Speaker Repair - Realistic Nova-18

I had a pair of Realistic Nova-18's that were in need of repair. These were purchased new sometime around 1993-1994. The foam surrounds on the woofers were rotted out. At some point I replaced the original paper-cone tweeters with piezos. They weren't much of an upgrade. In fact, I always thought they sounded overly harsh / bright. I guess didn't know any better, at the time.

[Front of speaker]
[Back of speaker]

Surveying the damage

After failing to find a replacement woofer that was close match for the speaker cabinet, I decided to repair the old woofer instead. In spite of how bad the woofer looks, the only thing wrong with it is the foam surround.

[Woofer with rotted foam surround]

Here is the original insulation that the speaker came with. I never liked the idea of having fiberglass insulation in a vented speaker cabinet.

[Fiberglass insulation]

The original crossover was just a single bipolar electrolytic capacitor that was wired inline with the cone tweeter. I must have bypassed it when I installed the piezo tweeter. The inductor is something I wound by hand onto an old solder reel. This must have been my attempt to "improve" upon the stock crossover design. Not exactly sure what I was thinking here. I'll chalk it up to youth, inexperience, and having more time than money.

[Old crossover]

Here is a closer look at the original stock tweeter-capacitor.

[Old crossover capacitor]

Newbie speaker refoaming


I started by removing the bulk of the old foam by running my finger along the edge of the speaker cone.

[Woofer with most of the foam removed]

I was able to salvage the old gasket by cutting through the foam underneath it, with a box cutter.

[Removing the old gasket]

Since this is a simple paper-cone woofer I was able to get away with using solvents to get rid of the old foam and glue. Acetone worked great for dissolving the old foam, but it took a lot of effort to remove the old glue from the speaker basket.

[Woofer with the old foam removed]

After trying and failing to dissolve the glue, surrounding the dust cap, I finally ended up cutting it with an X-Acto knife.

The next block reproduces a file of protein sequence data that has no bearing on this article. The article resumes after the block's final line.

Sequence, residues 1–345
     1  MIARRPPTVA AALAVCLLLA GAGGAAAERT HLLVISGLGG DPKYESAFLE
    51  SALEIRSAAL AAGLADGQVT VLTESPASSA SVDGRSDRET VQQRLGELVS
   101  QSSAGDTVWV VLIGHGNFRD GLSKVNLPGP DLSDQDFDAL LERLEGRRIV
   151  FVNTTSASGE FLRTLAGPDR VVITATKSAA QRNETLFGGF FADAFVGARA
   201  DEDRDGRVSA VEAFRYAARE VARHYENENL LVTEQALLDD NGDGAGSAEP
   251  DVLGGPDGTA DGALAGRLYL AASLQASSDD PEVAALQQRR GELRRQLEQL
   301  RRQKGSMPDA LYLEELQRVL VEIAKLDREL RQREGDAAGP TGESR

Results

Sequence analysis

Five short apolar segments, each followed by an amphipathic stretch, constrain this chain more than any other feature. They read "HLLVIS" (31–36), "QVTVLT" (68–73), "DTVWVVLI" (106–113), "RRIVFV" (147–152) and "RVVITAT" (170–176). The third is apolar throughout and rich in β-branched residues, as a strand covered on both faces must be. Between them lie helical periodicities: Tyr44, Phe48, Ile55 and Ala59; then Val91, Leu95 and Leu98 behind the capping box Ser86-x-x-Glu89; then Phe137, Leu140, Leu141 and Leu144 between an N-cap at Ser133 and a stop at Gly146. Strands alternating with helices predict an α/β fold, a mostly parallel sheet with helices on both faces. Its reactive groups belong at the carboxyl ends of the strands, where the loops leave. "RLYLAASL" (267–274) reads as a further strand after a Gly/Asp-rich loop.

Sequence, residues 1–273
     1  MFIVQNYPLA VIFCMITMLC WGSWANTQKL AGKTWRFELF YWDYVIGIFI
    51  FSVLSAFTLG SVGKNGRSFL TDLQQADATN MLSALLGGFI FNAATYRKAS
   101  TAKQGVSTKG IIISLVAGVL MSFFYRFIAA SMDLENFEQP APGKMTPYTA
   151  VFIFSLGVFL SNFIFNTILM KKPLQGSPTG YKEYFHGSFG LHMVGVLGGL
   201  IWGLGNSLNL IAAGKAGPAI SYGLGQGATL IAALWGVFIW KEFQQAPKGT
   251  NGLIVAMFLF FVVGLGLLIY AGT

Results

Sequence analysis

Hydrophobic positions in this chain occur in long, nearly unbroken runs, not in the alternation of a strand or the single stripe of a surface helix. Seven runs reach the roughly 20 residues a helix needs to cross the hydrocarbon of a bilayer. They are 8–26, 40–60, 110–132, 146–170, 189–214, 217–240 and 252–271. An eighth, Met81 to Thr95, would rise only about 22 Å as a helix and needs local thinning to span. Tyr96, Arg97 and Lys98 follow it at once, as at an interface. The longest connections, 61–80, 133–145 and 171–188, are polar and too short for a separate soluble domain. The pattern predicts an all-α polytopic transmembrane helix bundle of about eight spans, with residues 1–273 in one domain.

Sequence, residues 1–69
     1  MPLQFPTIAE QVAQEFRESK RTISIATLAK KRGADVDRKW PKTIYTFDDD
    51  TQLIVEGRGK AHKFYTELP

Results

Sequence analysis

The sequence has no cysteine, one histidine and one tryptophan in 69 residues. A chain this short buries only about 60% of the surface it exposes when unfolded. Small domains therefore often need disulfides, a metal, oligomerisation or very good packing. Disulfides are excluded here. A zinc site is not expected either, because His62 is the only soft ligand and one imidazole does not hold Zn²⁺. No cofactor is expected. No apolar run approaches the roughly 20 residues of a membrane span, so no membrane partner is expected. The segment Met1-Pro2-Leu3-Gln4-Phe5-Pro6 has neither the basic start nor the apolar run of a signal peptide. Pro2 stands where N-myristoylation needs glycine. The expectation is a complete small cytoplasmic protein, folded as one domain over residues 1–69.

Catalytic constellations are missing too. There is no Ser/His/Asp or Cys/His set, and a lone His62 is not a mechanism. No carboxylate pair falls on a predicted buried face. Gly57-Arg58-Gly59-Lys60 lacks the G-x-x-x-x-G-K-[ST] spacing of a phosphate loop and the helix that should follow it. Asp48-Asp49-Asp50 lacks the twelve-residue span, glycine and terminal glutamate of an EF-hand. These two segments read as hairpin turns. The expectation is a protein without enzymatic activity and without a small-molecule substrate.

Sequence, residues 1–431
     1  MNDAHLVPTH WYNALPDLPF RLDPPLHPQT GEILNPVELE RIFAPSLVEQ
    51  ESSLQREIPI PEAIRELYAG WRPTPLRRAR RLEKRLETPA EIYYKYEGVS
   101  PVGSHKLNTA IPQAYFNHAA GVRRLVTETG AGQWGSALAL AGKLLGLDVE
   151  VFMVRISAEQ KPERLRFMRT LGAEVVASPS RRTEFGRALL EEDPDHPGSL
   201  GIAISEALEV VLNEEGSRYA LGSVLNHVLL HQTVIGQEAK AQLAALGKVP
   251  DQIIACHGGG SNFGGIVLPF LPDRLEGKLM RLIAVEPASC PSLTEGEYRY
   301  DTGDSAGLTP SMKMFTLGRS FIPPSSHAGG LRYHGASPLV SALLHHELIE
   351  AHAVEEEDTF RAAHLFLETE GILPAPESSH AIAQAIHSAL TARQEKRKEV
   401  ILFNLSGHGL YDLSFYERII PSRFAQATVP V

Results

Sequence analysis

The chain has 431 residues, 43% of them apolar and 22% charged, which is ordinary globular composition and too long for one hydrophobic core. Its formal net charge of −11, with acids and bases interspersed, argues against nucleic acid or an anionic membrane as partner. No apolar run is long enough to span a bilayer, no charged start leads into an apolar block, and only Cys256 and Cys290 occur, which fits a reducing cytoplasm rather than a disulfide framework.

[Woofer with the dust cap removed]

Nobody makes foam surrounds that are an exact match for this speaker. That said, I was able to find some foam that fit inside the gasket, and overlapped the speaker cone a sufficient amount. Here I trimmed the outer edge of the foam, using the old gasket as a pattern.

[Trimming the new foam]

I made shims out of an old notecard and used them to keep the voice coil centered while attaching the new foam surround. This part is critical. You don't want the voice coil to rub against the pole piece. It makes the speaker sound bad, and it can damage the voice coil. See the video below to get an idea on how easy it is to get the speaker mis-aligned when the foam is removed.

With the shims in place, I laid the new foam surround upside-down and applied speaker glue to the inner edge. Then I flipped it over and glued the inner edge to the speaker cone. The glue sticks really well and it sets up really fast.

[Surround glued to woofer, shims in place]

Then it was time to glue the foam surround to the speaker basket. The shims make this easier to do. When you lift up on the speaker cone, the shims will keep it from lowering back down. This provides clearance for the foam while one is applying glue to the speaker basket.

[Gluing the foam to the speaker basket]

This is what it looks like with both edges of the foam glued in place.

[Speaker foam surround glued in place]

With the surrounds in place, I removed the shims, then turned my attention toward removing as much of the old dust cap as I could. After trying unsuccessfully to dissolve the old glue with Acetone and Xylene, I finally had success, using Toluene. I applied small amounts, using a q-tip, around the edge of the dust cap, then used a dull x-acto blade to carefully separate the remnants of the dust cap from the speaker cone. Toluene is nasty stuff to work with, but it was the only thing that would do the job. The picture below shows the speaker with the original gasket glued back in place, right before I glued down the replacement dust cap.

[Removing the rest of the old dust cap]

Finishing up

I used screws to attach a new crossover to a piece of hardboard, then glued the hardboard to the side of the cabinet, using hot glue. I also added an L-Pad, in case I ever need to tweak the tweeter volume. Below is a picture taken after I finished rewiring.

[Crossover mounted on the side]

Here I'm using foam insulation in place of the fiberglass that was removed earlier.

[Foam insulation to replace the fiberglass removed]

Here is the ugly hole, left over from my youthful speaker indiscretions.

[Tweeter hole]

I fabricated a plate out of hardboard to cover the old tweeter hole and to provide a place to mount the new tweeter.

[Plate to cover hole]

This is the end result after repairing the woofer and replacing the tweeter.

[Speak front]

[Speaker back]

Newbie speaker refoaming - Part 2

Below is some video that I took while refoaming the other woofer:

Parts Used

10 inch Refoam Kit (F10-4) Midwest Speaker Repair $24.95
Paper Dust Caps (with lip) - 2.5 inches Midwest Speaker Repair $2.00 each
Pro-Grade HEAVY-DUTY Nitrile Rubber Speaker Glue Springfield Speaker Repair $6.95
Dayton Audio DC28F-8 1-1/8" Silk Dome Tweeter Parts Express $19.75 each
Dayton Audio XO2W-2K 2-Way Speaker Crossover 2,000 Hz Parts Express $29.50 each
Speaker L-Pad Attenuator 100W Mono 1" Shaft 8 Ohm Parts Express $10.30 each
Acoustic Eggcrate Foam 2 Pcs. 2-1/2" x 12" x 12" for Speaker Enclosures Only Parts Express $7.49
1/4 (1/4CAT) x 2 x 4 Hardboard Panel Menards $4.34

Last Update: 4-15-2018